Findings – This chapter described the transition from behaviorism to cognition to social construction as it applies to the reading process generally and to GRR in particular. It noted that this transition has required teachers to be more nimble and flexible than ever before, cautioned that the complexity of classroom life and the pressures on teachers can cause techniques such as GRR to be misused, and suggested ways to manage the group work which is central to social cultural approaches to literacy. And along the way it spotlighted the ever-widening range of applications of the GRR documented in the earlier chapters of the book.
Practical implications – The section in this chapter with most immediate practical implication is clearly the section on misuses of the GRR model. This section discusses some misuses of the model: neglecting explicit teaching; missing the middle (i.e., jump from explicit teaching directly to independent practice); and applying in an overly rigid manner.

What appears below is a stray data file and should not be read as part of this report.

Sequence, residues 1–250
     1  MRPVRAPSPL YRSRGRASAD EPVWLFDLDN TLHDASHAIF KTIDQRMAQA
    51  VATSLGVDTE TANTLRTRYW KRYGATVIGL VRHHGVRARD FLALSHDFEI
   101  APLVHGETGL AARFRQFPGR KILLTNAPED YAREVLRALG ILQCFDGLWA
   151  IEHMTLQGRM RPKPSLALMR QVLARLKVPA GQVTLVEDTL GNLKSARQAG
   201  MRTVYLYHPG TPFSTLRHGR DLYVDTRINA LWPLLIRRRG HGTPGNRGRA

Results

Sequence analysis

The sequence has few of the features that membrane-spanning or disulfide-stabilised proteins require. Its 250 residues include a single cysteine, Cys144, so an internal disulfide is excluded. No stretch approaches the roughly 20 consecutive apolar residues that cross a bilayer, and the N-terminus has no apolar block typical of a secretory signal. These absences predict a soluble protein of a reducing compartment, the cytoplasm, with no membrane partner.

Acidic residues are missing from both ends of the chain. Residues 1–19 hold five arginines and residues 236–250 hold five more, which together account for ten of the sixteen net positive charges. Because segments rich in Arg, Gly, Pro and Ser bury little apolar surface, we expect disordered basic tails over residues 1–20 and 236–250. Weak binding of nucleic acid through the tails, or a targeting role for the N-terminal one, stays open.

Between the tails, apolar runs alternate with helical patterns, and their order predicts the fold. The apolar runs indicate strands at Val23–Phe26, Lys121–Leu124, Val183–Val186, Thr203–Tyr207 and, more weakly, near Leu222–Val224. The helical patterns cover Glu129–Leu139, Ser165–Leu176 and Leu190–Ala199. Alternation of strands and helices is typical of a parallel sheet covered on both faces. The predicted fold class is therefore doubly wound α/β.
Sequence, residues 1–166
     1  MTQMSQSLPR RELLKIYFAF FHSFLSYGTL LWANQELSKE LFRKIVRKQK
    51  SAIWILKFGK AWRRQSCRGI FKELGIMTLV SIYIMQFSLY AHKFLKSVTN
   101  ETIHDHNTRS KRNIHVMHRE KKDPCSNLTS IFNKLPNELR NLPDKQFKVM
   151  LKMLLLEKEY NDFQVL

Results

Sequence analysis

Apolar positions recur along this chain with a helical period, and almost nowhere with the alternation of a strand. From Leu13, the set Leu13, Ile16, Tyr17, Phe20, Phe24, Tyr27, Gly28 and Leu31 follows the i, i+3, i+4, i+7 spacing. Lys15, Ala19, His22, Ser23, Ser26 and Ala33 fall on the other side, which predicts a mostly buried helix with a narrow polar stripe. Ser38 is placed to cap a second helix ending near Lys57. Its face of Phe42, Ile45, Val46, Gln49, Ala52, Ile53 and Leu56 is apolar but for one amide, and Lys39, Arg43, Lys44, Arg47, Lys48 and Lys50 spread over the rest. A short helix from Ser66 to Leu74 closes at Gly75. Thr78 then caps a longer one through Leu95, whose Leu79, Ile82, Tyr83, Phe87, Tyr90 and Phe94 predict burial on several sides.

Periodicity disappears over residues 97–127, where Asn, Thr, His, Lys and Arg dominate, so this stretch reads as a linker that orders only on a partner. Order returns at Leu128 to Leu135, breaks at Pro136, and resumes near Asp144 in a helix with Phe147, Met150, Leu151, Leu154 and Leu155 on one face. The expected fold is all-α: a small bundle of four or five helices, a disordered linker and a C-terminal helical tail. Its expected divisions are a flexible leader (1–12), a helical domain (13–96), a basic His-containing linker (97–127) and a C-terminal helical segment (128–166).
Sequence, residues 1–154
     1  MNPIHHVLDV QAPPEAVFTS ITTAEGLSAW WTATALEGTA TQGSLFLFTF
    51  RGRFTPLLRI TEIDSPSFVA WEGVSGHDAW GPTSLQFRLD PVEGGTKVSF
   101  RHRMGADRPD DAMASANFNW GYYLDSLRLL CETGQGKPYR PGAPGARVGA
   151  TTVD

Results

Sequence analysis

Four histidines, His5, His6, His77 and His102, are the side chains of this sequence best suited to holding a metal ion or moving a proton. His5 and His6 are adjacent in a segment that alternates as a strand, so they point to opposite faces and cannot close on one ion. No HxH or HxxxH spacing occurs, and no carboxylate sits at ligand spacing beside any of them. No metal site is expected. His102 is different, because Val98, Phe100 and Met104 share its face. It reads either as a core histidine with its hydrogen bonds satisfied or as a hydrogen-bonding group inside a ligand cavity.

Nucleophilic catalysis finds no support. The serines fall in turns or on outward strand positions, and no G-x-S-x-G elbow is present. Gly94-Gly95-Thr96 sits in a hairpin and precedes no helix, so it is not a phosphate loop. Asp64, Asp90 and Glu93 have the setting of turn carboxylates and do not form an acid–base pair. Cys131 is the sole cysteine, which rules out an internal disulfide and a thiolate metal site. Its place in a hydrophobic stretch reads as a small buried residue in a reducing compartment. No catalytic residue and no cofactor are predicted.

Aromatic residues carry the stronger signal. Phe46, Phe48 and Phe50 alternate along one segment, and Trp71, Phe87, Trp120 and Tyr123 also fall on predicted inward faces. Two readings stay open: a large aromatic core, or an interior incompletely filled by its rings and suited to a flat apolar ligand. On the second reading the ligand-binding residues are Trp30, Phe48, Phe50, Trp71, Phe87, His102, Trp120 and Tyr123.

Originality/value of paper – This chapter makes an original contribution to the field in providing a historical context for the gradual release model and for addressing the chapters in this edited collection. The authors also point to some areas for next steps forward as reminders to those applying the model.
In this chapter, we briefly trace the history of the neo-charismatic movement and review Bass and Avolio’s full-range leadership theory (FRLT). We present the FRLT as the…
In this chapter, we briefly trace the history of the neo-charismatic movement and review Bass and Avolio’s full-range leadership theory (FRLT). We present the FRLT as the flame bearer of the movement, and argue that it should be used as a platform to integrate similar leadership theories. We identify conditions that may moderate the factor structure of the FRLT, and review the validity of the Multifactor Leadership Questionnaire – the instrument underlying the FRLT. Furthermore, we identify theoretical deficiencies in the FRLT and propose the addition of a broad class of behaviors labeled instrumental leadership, which, we argue, is distinct from transformational, transactional, and laissez-faire leadership. Finally, we discuss the utility of dispositional variables in predicting the emergence of leadership.
In recent years, guides to hiking trails and wilderness areas have enjoyed an increase in popularity. Here, Douglas J. Ernest and Lewis B. Herman evaluate more than 100 such books.
The following is an annotated list of materials dealing with information literacy including instruction in the use of information resources, research, and computer skills…